How to Paint Patio Cushions- after


Luckily, I had some help with the painting. My mini-me has become quite the painter during quarantine, so I was putting those talents to work! We painted one side of each cushion, and then let them dry before doing the other side, so it took two days to finish.

How to Paint Patio Cushions


The before and after is pretty dramatic. The fabric and piping ended up the same color.

How to Paint Patio Cushions- before and after


How Do Painted Patio Cushions Feel?

How do painted patio cushions feel, you want to know? Not bad. The patio cushions aren’t scratch or crackly, and they don’t stick when you sit. Painting my patio cushions was definitely worth doing. This one additional step improves the comfort: use a fine-grit sandpaper to very gently knock down the paint on the fabric. If you’ve painted furniture, it’s the same step that you use between coats. Lightly sanding will give your fabric flexibility as it loosens the hold of the paint. Be sure to use a very light touch, and change sandpaper between projects. I used the same sandpaper on the blue painted patio cushions and the ones below, and there was some unfortunate color transfer, seen as the white shadows on the photo below.

You don’t wax chalk painted fabric like you wax chalk painted furniture. There’s no need. However, I did spray with Thompson’s Water Seal on all sides, which didn’t make the cushions stiffer. This stuff is amazing. The water just beads right off.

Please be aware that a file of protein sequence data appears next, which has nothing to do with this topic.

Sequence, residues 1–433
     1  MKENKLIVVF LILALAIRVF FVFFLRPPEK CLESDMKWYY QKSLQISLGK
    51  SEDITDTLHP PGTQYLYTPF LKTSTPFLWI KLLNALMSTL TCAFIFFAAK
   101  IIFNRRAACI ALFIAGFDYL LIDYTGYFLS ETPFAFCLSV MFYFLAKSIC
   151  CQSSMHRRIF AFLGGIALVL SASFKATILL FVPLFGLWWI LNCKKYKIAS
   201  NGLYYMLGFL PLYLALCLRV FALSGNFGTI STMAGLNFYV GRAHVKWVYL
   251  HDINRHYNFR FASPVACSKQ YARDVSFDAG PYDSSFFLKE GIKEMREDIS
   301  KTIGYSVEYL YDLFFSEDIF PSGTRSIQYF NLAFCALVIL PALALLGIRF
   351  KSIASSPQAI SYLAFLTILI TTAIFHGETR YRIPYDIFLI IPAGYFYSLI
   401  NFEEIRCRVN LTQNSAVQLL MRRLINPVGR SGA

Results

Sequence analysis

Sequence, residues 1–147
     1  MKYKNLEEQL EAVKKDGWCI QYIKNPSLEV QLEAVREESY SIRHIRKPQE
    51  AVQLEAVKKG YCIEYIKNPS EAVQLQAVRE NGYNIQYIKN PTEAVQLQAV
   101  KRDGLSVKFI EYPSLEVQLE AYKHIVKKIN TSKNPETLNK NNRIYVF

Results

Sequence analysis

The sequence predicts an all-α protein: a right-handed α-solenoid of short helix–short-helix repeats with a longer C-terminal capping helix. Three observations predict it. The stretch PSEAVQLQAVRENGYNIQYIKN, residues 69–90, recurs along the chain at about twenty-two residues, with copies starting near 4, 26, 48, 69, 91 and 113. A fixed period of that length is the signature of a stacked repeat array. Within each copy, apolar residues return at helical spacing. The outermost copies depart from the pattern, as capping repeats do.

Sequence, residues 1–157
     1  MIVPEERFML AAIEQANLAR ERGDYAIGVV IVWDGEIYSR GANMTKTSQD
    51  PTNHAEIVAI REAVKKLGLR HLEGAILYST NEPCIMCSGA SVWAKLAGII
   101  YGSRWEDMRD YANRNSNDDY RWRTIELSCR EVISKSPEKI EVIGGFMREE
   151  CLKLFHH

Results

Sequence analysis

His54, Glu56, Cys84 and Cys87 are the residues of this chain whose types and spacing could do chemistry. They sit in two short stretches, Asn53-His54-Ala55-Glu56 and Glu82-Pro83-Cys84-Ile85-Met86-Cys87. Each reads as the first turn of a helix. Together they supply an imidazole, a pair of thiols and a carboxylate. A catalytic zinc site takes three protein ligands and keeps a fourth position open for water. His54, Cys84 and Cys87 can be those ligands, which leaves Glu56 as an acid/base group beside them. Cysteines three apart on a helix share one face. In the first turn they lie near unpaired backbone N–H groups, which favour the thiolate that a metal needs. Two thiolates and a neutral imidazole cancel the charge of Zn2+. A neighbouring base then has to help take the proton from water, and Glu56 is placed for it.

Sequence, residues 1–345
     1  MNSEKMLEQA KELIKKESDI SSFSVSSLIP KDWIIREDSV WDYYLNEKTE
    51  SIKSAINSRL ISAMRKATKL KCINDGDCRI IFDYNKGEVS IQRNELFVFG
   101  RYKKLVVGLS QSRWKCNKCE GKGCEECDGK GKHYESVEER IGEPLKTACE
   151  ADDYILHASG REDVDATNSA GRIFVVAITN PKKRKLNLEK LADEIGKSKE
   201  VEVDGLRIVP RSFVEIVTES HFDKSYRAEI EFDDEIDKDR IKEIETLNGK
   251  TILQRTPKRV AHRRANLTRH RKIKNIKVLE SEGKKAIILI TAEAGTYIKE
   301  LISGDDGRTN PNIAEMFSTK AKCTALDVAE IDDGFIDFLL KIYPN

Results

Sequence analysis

How to Paint Patio Cushions- Thompsons Water Seal Spray


How do painted Patio Cushions Hold Up the Weather?

I waited until the end of summer to let you know how it turned out, because I wanted to know if the paint stood up to the weather, and if they faded. No, they haven’t faded at all. Yes, they are standing up to the weather just fine. If I get another few years out of them, I’ll be happy.

How to Paint Patio Cushions with Patterned Fabric

The blue outdoor cushions weren’t the only cushions I painted. This pair of outdoor pillows was also way beyond cleaning, and I wanted to see how painting would cover over a pattern. I had a tiny little bit of Annie Sloan Emperor’s Silk, and below you see it still wet, with only one coat. You can’t see how filthy the unpainted cushions were, but already, this was a big improvement.

How to Pain Patio Cushions-with pattern


Below is after two coats; sorry the photo is a little glarey. You can see a bit of the pattern close up, but it’s not very noticeable from across the room…er, from across the yard.

How to Paint Patio Cushions


Here’s another shot on a cloudy day. (We’ll just ignore that my bench needs a bit of a paint touch up, too. That’s a project for another day.)

How to Paint Patio Cushions- before and after


Painting these cushions not only made them feel instantly cleaner, but it allowed me to pair them with some other print cushions that they wouldn’t have previously paired with at all.

How to Paint Patio Cushions and pillows after


It helped that I already had the paint, but even with the time I invested, I still came out ahead on this project. It was worth doing, and it kept these cushions out of the landfill for a bit longer.

So, if you are hanging out on your patio this holiday wishing for an update, maybe this article on how to paint patio cushions and pillows will inspire your own transformation.

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How to Paint Patio Cushions and Pillows